The entrenched gay leaders in Washington, DC, have spent the last two years blaming Republicans for the fact that they themselves have struck out on Capitol Hill and will end the 111th Congress with nothing to show for their multimillion-dollar fundraising efforts. If this were a public company, the Board or the shareholders would have run these leaders out of town a long time ago.
Despite campaigning for decades to put Democrats in control of all of Washington, their dream ticket of Nancy Pelosi, Harry Reid and Barack Obama failed to deliver what the gay leaders themselves promised the movement. Led by Joe Solmonese of Human Right Campaign and Aubrey Sarvis of the Servicemen's Legal Defense Network, gay leaders have been tripping over themselves to protect President Obama from blame for not making the promised progress on gay equality. Solmonese and Sarvis are the faces of the most expensive failed gay campaign in history. Other gay leaders in Washington also have turned their comfortable and high-paying perches into a safe haven free from the consequences of job performance evaluations.
Gay Americans from outside Washington should demand that they stop sacrificing progress to further their personal political careers. It's time we found some young gay leaders who will work for equality and not be concerned about pleasing the Democratic Party.
Gay politics are not black and white. It isn't true that all Democrats are good on gay issues and all Republicans bad. The outcome of the Prop 8 vote in California, where the traditionally Democratic state also overwhelmingly voted for Barack Obama for president, proves that Democrats have a lot of work to do in their own party. Republicans have failed us, too. I am not suggesting we dismiss the GOP sins of advocating for small government policies while practicing intrusive, big government tactics. But Republicans who advocate laissez-faire principles can be great allies, just as liberal Southern Democrats can be strong opponents working against us. But Solmonese and Sarvis have never seen it this way. For them, it's all a process to help the Democratic Party win more seats. And for this failed strategy, they should be judged harshly.
The partisan leaders of the gay and lesbian movement in Washington have spent endless political capital telling us that we would be better off if all of our elected officials were Democrats. They have spent millions of dollars trying to convince us that we will be taken care of by a partisan Democratic America. At the same time, they have also secured their positions of prominence within the Democratic Party by being able to deliver the gay vote. Sadly, we have become tokens for their careers. In early 2009, Sarvis sent a strong message to his Democratic friends that it wasn't the right time for the Democratic Party to take up gay issues yet. He told the Washington Times that waiting until at least 2010 for some LGBT victories made sense. "Where does 'don't ask, don't tell' fall in all this?," Sarvis asked. "I would say it is not in the top five priorities of national issues." His Board should have fired him on the spot.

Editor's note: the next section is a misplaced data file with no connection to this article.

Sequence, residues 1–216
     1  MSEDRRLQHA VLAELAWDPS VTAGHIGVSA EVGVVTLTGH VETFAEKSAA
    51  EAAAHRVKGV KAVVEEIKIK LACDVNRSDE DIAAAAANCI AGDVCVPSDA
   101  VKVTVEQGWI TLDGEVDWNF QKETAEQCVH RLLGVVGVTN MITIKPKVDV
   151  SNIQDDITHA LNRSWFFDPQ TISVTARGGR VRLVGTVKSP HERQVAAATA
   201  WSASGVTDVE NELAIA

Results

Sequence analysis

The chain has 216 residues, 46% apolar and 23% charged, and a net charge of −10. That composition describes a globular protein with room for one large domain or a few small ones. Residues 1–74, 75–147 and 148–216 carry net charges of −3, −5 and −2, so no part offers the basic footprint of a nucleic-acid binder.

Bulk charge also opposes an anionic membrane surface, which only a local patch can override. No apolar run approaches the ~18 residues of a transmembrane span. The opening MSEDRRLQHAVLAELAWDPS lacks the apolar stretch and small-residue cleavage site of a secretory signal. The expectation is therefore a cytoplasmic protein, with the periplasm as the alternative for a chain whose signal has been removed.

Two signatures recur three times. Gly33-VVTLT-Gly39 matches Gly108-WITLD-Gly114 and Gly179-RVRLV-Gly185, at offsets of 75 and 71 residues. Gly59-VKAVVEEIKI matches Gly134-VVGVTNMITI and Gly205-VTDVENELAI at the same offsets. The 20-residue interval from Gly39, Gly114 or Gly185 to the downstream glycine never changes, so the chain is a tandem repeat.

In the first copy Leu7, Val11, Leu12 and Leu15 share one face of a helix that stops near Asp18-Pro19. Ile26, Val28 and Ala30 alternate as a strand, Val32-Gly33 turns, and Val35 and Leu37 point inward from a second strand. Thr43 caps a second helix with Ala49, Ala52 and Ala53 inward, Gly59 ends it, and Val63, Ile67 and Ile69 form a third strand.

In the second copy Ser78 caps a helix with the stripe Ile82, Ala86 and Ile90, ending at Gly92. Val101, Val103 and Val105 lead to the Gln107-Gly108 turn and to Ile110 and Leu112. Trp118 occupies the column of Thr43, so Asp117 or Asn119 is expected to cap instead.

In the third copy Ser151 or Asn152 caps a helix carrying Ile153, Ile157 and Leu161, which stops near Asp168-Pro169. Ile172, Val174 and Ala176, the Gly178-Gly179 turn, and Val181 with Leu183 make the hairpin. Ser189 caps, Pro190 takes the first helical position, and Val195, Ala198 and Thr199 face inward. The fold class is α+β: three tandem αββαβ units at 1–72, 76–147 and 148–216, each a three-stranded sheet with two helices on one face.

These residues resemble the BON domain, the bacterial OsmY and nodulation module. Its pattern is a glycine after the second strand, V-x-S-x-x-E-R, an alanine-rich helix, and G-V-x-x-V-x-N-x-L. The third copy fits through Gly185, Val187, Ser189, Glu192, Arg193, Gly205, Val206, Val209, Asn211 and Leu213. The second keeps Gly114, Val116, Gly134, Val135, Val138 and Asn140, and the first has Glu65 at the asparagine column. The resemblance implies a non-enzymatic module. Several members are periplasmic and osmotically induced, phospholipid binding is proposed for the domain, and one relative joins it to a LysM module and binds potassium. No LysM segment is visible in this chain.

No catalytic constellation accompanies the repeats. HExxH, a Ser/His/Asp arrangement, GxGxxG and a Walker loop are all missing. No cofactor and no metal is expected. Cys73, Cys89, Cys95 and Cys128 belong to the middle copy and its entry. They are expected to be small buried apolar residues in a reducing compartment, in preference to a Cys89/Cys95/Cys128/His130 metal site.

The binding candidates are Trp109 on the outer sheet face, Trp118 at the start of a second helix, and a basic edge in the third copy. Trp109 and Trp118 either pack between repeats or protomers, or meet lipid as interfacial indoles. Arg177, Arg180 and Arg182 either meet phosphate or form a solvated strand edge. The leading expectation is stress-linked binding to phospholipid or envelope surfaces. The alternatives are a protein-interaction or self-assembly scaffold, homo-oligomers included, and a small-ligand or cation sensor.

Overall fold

It is painfully obvious that the national gay leaders have promoted their own partisan agendas and careers within the Democratic Party instead of working to ensure passage of civil rights.
Solmonese, a seasoned Democratic Party activist who at first maneuvered for a political appointment in the Obama administration, couldn't even move Speaker of the House Nancy Pelosi, who represents the gayest district in the country, to put DADT or gay marriage up for a standalone vote in the House. And Senate Majority Leader Harry Reid easily manipulated gay leaders into supporting him to wait until after November's elections to put controversial issues up for votes. Reid wanted this issue to be unresolved going into November's elections and Solmonese and Sarvis allowed it. The real tragedy is that gay leaders in Washington don't have enough moxy to move their own political party -- the party that controls the White House, the Senate and the House. It is a sign that they either don't have the skills to make political progress or are too close to the Democratic leadership and therefore unwilling to make the necessary push. We can do better and we should start by demanding for Somonese's and Sarvis' resignations.